By Cmdr. William H. Shipp
After five detachments and more than a year of planning, training and execution, the Sailors of Helicopter Sea Combat Squadron (HSC) 8 reached the culmination of their efforts when they helped recover NASA’s Orion spacecraft’s crew module after its first spaceflight test.
With the goal of reinvigorating its human space flight program, NASA test-launched the Orion in December, marking an important milestone for deep space exploration—one destination being Mars.
The U.S. Navy became involved when NASA’s Orion air operations and capsule parachute assembly system (CPAS) teams requested U.S. Navy sea-based helicopter support to complete the extensive testing requirements to certify the crew module (CM) for manned space missions and ensure their safe recovery upon re-entry.
Built on the Apollo-era crew module, Orion’s CM requires a water landing when it returns to Earth. Helicopters were needed to provide aerial tracking, as well as carry two teams of NASA photographers, videographers, air operations personnel and CPAS members to document testing and the Orion’s inaugural flight.
The Navy’s MH-60S Knighthawk helicopter was able to satisfy NASA’s unique requirements. Equipped with a suite of advanced sensors-the Multi-Spectral Targeting System (MTS) and Remotely Oriented Video Enhanced Receiver (ROVER) system-the footage and data captured by aircrew could instantly stream to NASA engineers aboard any surface vessel, and, via satellite uplink, be relayed to the Mission Control Center in Houston, Texas. The Knighthawk’s large cabin and lift capacity satisfied transport requirements, enabling aerial analysis of the CM. This capability to observe and rapidly deliver integrated data was a critical enabler to the success of the mission.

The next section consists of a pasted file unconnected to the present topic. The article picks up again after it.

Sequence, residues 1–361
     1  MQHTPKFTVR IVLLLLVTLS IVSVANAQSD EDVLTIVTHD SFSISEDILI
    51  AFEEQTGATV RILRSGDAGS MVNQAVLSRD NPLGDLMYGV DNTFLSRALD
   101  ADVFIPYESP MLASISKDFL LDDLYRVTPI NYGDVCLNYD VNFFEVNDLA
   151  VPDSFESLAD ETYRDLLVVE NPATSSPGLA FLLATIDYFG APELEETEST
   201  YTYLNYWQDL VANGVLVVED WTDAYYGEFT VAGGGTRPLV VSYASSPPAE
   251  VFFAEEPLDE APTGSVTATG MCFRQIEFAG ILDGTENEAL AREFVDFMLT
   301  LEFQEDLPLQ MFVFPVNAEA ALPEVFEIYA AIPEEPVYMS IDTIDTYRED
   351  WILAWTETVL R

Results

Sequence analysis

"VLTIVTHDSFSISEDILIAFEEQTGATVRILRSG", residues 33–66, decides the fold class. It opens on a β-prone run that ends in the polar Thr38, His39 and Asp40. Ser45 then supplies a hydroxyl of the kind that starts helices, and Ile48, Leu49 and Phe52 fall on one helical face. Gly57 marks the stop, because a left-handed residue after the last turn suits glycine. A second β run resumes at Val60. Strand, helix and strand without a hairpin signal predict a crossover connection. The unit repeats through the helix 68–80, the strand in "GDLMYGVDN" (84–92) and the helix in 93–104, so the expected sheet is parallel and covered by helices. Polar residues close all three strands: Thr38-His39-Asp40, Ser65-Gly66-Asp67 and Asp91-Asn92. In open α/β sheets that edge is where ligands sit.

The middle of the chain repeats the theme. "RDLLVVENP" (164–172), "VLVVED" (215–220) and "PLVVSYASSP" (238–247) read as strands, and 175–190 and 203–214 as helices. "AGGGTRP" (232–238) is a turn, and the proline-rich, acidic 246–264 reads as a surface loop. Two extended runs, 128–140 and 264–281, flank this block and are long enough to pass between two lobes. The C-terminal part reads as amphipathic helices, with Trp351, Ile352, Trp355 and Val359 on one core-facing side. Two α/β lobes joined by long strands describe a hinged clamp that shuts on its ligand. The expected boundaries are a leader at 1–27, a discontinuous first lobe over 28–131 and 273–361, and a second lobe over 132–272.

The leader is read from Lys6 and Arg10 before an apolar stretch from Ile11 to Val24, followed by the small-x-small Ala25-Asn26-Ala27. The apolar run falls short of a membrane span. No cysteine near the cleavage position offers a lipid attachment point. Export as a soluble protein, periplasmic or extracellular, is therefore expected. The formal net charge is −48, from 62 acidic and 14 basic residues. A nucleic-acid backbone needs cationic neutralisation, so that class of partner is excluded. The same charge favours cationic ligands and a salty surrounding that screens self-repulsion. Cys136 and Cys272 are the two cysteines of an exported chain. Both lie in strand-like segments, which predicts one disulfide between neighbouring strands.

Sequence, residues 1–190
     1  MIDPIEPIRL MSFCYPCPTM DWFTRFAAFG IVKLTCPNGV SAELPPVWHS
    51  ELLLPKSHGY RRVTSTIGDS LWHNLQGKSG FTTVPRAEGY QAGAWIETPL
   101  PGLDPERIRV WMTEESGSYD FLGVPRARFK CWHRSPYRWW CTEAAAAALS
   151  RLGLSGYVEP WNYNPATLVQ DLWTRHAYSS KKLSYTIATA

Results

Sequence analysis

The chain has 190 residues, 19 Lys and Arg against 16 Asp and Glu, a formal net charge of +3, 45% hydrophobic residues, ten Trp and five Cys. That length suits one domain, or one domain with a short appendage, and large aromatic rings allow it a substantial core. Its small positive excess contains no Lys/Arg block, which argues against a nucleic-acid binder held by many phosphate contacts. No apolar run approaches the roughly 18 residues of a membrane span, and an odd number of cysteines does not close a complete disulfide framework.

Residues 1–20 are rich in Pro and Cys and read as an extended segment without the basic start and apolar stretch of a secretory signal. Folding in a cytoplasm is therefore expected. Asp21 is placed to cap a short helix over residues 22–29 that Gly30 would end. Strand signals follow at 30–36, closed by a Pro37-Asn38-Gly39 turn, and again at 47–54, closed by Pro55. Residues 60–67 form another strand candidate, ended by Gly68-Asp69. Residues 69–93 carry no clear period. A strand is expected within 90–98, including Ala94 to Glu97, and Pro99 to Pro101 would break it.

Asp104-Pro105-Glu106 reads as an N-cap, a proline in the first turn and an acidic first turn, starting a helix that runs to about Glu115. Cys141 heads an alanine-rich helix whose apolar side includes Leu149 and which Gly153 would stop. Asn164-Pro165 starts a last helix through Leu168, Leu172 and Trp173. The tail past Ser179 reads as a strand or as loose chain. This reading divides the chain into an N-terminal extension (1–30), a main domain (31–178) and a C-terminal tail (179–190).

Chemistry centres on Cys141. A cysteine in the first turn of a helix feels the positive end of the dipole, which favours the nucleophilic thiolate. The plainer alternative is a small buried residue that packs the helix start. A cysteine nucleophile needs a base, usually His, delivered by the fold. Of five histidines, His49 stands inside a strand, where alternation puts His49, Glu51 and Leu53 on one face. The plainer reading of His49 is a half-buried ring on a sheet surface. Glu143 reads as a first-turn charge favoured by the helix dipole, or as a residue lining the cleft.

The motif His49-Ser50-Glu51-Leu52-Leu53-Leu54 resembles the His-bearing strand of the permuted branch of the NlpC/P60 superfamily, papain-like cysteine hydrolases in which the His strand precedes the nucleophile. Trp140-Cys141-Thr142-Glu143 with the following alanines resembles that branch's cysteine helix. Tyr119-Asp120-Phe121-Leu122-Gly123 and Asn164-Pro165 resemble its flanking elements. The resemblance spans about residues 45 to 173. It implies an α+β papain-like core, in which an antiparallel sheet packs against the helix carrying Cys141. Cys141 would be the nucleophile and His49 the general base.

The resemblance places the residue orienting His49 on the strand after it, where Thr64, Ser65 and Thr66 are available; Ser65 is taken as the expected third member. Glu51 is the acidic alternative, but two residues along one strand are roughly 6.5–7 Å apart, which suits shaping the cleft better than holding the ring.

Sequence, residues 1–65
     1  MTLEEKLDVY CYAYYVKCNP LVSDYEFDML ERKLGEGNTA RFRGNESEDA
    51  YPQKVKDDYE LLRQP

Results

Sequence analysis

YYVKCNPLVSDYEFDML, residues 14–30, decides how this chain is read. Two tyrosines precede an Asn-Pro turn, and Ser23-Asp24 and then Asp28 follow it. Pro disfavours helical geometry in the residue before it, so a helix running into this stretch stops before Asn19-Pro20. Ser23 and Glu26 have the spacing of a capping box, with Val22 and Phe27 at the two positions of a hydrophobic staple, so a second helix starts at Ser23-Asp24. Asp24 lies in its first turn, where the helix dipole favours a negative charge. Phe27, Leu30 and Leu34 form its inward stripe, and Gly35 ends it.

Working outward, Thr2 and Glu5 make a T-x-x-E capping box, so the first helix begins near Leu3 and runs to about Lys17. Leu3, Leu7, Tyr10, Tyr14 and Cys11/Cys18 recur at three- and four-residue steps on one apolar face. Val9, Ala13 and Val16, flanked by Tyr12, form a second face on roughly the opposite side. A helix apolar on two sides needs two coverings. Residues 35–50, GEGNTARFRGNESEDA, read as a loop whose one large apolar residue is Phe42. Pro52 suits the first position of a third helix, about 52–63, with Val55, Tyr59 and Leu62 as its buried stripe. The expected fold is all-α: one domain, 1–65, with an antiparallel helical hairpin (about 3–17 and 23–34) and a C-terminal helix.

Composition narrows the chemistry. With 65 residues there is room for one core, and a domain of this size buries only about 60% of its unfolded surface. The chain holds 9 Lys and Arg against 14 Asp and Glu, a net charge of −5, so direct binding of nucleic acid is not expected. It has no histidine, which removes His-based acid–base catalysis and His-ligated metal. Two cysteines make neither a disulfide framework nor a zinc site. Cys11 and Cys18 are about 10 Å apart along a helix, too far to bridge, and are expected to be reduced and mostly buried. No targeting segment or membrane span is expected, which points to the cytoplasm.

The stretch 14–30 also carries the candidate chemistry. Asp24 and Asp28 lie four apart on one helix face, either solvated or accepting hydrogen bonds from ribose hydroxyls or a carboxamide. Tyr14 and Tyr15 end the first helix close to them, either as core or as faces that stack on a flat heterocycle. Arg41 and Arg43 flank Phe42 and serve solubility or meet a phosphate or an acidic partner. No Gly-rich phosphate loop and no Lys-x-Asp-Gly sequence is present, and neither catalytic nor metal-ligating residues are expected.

Prior to the inaugural flight of the Orion Space Capsule, dubbed Expeditionary Flight Test 1 (EFT-1), the HSC-8 “Eightballers” participated in four detachments to prepare for the actual launch. This included two CM drop tests at the Army’s Yuma Proving Grounds in Arizona, in which the capsule was released from an Air Force C-17 at 35,000 feet. Following two land drops, NASA conducted two Underway Readiness Test (URT) events near San Clemente Island, off the coast of southern California. One URT event was conducted from USS San Diego (LPD 22) and the other onboard USS Anchorage (LPD 23).
Combining lessons learned from these detachments and trajectory data from thousands of CM re-entry simulations, NASA engineers and HSC-8 pilots formulated a plan that would precisely position two airborne MH-60S helicopters during the actual recovery event. Both helicopters and their embarked teams were positioned to detect the CM entering the atmosphere and track it using the MTS’ Forward Looking Infrared and Day TV camera lens as it progressed through its re-entry sequence.
One of many unique opportunities this mission presented involved coordination with members of the rotary wing test community, Air Test and Evaluation Squadron (HX) 21, at Naval Air Station Patuxent River, Maryland. The Eightballers operated in close communication with Naval Air Systems Command (NAVAIR) to accommodate any aircraft configurations and certify installed equipment as safe for flight. NAVAIR rapidly approved flight clearances for the NASA mission, including specialized photography, videography and GPS equipment coupled to onboard computers for tracking the CM re-entry.